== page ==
search.noResults

search.searching

dataCollection.invalidEmail
note.createNoteMessage

search.noResults

search.searching

orderForm.title

orderForm.productCode
orderForm.description
orderForm.quantity
orderForm.itemPrice
orderForm.price
orderForm.totalPrice
orderForm.deliveryDetails.billingAddress
orderForm.deliveryDetails.deliveryAddress
orderForm.noItems
PUBLIC POLICY


Energy Laws May Affect Your Senior Living Community


By Marla Thalheimer, RE Tech Advisors


A growing number of cities and states across the country are taking action to reduce their greenhouse gas emissions and drive market transformation through energy efficiency laws and regulations. While details vary slightly across the spectrum, the basic re- quirement is for owners, managers, and op- erators of buildings, including senior living communities, to benchmark utility usage to understand the level of efficiency and report


that information to the city/state/county. In many cases this information is being made available to the public with the intent on creating awareness and generating com- petition. Some cities, including New York and Chicago, have additional requirements such as energy audits and lighting upgrades over time. New York and Chicago are also working toward energy grades to be posted “in a prominent location” starting in 2019.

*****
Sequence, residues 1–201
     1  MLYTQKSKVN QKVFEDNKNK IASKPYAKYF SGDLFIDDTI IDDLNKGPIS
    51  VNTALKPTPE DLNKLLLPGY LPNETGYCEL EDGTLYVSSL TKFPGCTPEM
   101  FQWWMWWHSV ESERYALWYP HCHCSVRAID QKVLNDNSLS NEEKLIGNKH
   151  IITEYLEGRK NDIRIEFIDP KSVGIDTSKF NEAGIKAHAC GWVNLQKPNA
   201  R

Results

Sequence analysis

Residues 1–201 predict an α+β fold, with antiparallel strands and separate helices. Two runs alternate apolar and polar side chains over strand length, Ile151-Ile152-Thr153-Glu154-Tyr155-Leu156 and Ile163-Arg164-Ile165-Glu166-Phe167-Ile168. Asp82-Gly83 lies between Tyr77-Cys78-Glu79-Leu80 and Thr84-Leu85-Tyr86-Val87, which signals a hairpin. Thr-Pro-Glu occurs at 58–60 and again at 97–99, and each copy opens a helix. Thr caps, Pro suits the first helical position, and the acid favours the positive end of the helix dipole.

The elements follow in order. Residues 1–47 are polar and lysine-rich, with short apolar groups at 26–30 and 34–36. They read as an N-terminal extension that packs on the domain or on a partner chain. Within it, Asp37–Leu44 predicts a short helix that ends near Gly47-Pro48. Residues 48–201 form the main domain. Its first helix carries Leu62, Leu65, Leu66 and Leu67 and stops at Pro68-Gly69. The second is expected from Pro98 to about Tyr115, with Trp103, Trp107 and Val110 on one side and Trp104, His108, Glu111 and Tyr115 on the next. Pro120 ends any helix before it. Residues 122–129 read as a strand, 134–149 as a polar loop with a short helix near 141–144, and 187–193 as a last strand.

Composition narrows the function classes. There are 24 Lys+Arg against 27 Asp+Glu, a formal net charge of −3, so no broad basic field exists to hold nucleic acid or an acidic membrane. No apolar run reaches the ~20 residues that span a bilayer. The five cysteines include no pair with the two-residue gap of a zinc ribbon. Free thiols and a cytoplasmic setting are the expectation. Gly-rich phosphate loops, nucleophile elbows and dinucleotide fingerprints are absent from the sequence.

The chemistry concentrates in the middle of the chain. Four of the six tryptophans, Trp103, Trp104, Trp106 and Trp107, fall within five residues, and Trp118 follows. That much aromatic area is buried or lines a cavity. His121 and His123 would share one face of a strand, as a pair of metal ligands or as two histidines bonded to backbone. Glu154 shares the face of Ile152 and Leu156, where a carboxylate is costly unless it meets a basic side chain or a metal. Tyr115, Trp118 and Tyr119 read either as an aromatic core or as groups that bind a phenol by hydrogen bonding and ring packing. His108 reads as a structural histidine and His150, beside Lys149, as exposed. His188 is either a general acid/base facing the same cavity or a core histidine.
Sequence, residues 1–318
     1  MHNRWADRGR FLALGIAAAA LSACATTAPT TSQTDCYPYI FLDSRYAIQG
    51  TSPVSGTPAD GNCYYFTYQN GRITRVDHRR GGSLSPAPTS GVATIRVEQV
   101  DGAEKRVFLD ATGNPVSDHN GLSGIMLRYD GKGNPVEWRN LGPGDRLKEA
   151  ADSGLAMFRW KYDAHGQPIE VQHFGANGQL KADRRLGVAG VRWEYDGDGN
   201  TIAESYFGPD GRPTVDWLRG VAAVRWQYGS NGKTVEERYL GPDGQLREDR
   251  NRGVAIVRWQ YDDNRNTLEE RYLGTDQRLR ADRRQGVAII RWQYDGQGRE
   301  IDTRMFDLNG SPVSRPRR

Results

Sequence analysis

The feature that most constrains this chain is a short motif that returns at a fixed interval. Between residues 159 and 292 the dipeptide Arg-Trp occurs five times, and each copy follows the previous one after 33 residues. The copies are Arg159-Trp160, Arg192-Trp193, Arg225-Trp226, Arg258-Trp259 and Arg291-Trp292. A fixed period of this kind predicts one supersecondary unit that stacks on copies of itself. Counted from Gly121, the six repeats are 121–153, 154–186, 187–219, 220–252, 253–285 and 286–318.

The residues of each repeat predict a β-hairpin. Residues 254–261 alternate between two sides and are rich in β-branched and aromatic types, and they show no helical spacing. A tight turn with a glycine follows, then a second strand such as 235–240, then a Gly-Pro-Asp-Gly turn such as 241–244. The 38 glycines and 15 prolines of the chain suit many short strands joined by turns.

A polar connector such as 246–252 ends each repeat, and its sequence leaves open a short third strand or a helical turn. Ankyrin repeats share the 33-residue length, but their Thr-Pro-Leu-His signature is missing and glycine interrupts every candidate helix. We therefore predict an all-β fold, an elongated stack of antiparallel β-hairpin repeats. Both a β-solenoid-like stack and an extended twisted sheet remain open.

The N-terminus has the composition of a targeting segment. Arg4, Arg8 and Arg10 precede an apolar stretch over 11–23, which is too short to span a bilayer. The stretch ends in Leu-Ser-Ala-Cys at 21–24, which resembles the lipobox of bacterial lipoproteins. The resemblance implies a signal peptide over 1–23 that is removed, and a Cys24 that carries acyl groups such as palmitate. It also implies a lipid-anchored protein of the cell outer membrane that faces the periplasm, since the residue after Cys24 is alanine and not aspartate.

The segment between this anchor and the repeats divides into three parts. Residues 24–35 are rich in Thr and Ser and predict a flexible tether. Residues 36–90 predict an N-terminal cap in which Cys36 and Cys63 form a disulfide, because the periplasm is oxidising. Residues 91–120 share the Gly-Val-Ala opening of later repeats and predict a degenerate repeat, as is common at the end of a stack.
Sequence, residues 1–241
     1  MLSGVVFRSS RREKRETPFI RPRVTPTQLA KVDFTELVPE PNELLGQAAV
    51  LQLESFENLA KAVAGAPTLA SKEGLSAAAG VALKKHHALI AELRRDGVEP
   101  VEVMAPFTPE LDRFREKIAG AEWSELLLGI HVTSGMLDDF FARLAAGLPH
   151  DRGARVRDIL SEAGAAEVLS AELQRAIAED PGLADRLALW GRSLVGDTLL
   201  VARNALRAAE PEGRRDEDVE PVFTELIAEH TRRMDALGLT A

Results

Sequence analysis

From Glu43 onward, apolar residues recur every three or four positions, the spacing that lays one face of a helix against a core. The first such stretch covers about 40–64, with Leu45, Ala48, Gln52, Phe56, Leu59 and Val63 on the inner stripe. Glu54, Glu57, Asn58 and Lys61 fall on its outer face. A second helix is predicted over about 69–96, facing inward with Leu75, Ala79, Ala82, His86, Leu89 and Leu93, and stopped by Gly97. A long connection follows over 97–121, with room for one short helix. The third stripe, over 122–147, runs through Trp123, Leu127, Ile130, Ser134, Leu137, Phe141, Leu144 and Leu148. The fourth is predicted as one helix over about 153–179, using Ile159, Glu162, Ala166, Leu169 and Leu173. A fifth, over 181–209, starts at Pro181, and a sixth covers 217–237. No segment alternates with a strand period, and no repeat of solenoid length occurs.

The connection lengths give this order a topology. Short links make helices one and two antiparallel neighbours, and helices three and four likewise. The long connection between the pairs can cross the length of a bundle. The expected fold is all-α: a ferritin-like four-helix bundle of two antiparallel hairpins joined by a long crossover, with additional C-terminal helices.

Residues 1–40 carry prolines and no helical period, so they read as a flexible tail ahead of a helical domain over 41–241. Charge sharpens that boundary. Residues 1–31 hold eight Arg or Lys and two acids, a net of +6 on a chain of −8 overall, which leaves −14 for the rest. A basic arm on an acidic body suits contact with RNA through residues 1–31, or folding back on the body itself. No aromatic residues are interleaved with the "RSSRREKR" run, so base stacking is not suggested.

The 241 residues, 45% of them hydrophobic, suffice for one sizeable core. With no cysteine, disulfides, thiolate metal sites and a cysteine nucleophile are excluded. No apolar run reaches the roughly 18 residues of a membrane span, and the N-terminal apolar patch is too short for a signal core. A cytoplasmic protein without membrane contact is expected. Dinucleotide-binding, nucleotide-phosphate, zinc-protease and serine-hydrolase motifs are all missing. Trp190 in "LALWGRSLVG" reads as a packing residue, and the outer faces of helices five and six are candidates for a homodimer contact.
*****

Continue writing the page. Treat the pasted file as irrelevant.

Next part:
Advocates Argentum For You While this concept may seem daunting at


first glance, benchmarking utility usage to understand how your community performs against peers and against itself over time is a worthwhile exercise, even if it is not required. According to the EPA, buildings that were benchmarked consistently for three years reduced energy use by an average of 2.4 per- cent per year for a total of 7 percenti


. If the av- erage senior living community pays $100,000 U.S. Building Benchmarking & Transparency Policies Seattle Portland Minneapolis Evanston


Cook County


Berkley Francisco San Denver Los Angeles Atlanta


Kansas City, MO


St. Louis Salt Lake City Boulder Chicago Pittsburgh


NJ DE


South Portland


Cambridge Portland


New York City Boston


Philadelphia


Washington, DC Montgomery Co., MD


Austin Orlando


HI


Source: BuildingRating.org offers in-depth information about each jurisdiction’s policies and programs and provides interactive features to compare policies. BuildingRating.org is maintained by the Institute for Market Transformation (IMT). ©Copyright 2018 Institute for Marketing Transformation.


56 SENIOR LIVING EXECUTIVE SEPTEMBER/OCTOBER 2018


Public, commercial, and multifamily building benchmarking policy adopted Public and commerical building benchmarking policy adopted Public buildings benchmarked


Page 1  |  Page 2  |  Page 3  |  Page 4  |  Page 5  |  Page 6  |  Page 7  |  Page 8  |  Page 9  |  Page 10  |  Page 11  |  Page 12  |  Page 13  |  Page 14  |  Page 15  |  Page 16  |  Page 17  |  Page 18  |  Page 19  |  Page 20  |  Page 21  |  Page 22  |  Page 23  |  Page 24  |  Page 25  |  Page 26  |  Page 27  |  Page 28  |  Page 29  |  Page 30  |  Page 31  |  Page 32  |  Page 33  |  Page 34  |  Page 35  |  Page 36  |  Page 37  |  Page 38  |  Page 39  |  Page 40  |  Page 41  |  Page 42  |  Page 43  |  Page 44  |  Page 45  |  Page 46  |  Page 47  |  Page 48  |  Page 49  |  Page 50  |  Page 51  |  Page 52  |  Page 53  |  Page 54  |  Page 55  |  Page 56  |  Page 57  |  Page 58  |  Page 59  |  Page 60  |  Page 61  |  Page 62  |  Page 63  |  Page 64